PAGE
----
It must truly be a rewarding feeling to be in a situation to help others and being able to do so without any consideration of future reward, recognition or anything in exchange. Again, this reminds me of some of the wonderful people that had been patient, kind and believed in me along the way. They were not my family, they had nothing to gain from helping a teenager bordering on the clueless to find himself amidst many and frequent shortcomings, yet they continued to be there, in their own fashion and thankfully, I have had the privilege to do the same for those whose current circumstances resonated with mine and experience what they had–and find it fulfilling.
Truly, the measure of any man, is what he does for another, notwithstanding any reward and without any other reason, other than, they did it, because either they had once been in the same situation or that they feel others would have done the same.
Love Moves People, Hope Gives Strength, But Purpose Gives Meaning
One of the things that makes the movie beautiful, is how it weaves, Love in the backdrop of personal grief, societal change, war and the constant threat of change. Rewind to the first few scenes, when the little girl from the village, Sayuri, was merely a kid attending her lessons, we see, what we would initially count as a lovely encounter between a gentleman, who recognizes the pain of a girl and a girl who, for the first time, was visited by the soothing caress of love, of being loved and of perhaps loving back.
While I was watching, it struck me as an important meeting, one of those that you know would have a significant impact to the narrative. Little did I know that the same encounter, will demonstrate one of the most vivid expressions of love in the state of being forbidden, in the name of propriety. When it is unrequited, not for the lack thereof, but for the love of another. Then, when it was withheld, not due to fear of responsibility or any other hindrances, but for its multifaceted perspective and the intricate waltz it plays on the human soul. Truly, Love moves people.
Love was not the only thing intimated by the movie in a subtle, yet profound manner. A shameless plug to this serious journal, is the fact, that when I think of hope the closes I can remember are the Green Lanterns, I just had to say that. Anyway, moving back, the movie, beautifully, permeates to all of us the perspective of how the human heart and our soul, regardless, how the person is disposed, spring eternal.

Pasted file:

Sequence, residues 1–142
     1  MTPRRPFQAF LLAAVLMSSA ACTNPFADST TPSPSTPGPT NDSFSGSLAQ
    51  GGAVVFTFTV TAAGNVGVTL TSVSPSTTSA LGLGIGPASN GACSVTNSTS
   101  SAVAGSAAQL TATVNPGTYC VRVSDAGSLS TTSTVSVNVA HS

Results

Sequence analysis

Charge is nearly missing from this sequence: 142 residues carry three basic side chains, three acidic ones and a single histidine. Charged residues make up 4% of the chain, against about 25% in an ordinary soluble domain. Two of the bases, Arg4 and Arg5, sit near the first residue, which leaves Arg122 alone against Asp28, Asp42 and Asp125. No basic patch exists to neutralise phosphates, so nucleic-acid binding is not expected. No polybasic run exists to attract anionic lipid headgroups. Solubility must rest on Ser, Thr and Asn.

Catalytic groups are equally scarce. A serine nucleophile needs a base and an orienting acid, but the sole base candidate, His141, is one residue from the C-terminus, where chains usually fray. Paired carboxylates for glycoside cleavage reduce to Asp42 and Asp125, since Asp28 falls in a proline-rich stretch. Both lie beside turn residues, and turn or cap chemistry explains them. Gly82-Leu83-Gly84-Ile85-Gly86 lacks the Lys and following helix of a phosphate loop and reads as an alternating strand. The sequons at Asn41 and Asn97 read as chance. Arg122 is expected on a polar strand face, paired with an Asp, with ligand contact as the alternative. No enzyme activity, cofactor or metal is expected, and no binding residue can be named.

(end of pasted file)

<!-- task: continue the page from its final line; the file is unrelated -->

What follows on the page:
While we see hope shown in the multiple attempts the young Saiyuri does to get to her sister and how amidst its failure she continues to hope to find her, we are also introduced to one of the primary characters of the plot. It is very easy to categorize Hatsumumo, the current primary Geisha of the house, as the antagonist, it is difficult to just simply box her in that. The movie had taught me that while many choose to be kind amidst the unforgiving circumstances life deals to us, some, give up on hope and end of the simply be the thorns in the rose that they are.
Hatsumumo, to me, was a rose, who continually choses to be the thorns. I will never understand why she deliberately wanted to inflict so much sadness on a young girl who had done nothing to her. The movie, will hint at it as her seeing Saiyuri as competition, but the more I think deeply about it, I come to the realization that at times, we want others to give up on things we had given up on, and Hatsumumo, to me, had given up on hope–thus, she her inner demons revolt at the site of a young girl who just seemed inherently filled with hope.
I could be wrong and what her reasons were, is for any one to say. Maybe I will understand it better as I get to read the book. I will definitely make the needed supplementary journal, once I complete it this March of 2022, but until then, to me, when we start to give up on hope, it becomes but an impulse that we want others to do so, too. For the more they strive, the more they hope, the more we feel regret, vulnerable and tortured by our conscience, because–hope, springs eternal.
From Love to Hope, this time and in the final minutes of the film, I think we were given a glimpse of the Japanese culture of Purpose. It is like in that file, the Last Samurai, where Capt. Nathan Algren (Tom Cruise) says something about why the place was magical, that everyone, from the moment they wake up to the moment they sleep, focus on the mastery of their craft, that the determination, attributed meaning and purpose of the Geisha, made Saiyuri, Mameha and the rest of the women who had vested themselves of the fabled moniker, Geisha, truly remarkable.
I will always remember that scene, when Saiyuri gets to Mameha, to rekindle what it the Geisha truly stands for and why amidst the flamboyant, easy and convenient entertainment of the west, the Geisha still holds it allure, then, now and perhaps even until the future. Many of us live life in such routine that we forgivably simply go through the motions.
The unbearableness of life has pushed many, if not most of us to simply go through life as a routine. It is easy to feel that a moment’s thought about the why we do what we do, why we wake up and our place in the grand scheme of things can easily feel cumbersome and unnecessary trivialities in the rat race many of us find ourselves in. Yet, what a sad excuse it is when we compare ourselves to magnificent women we come to find in the movie (the book, too, maybe, I have not read it, maybe there are some difference so just saying), who amidst the stringent confines, strict constraints and virtually never-ending charade of rituals, were able to gather the constitution to find their place in society, life and most importantly–purpose in the grand scheme of things.
This, I think, is what makes, the movie, its characters and it plot, not simply a story about the Saiyuri, the Geisha, but of all of us.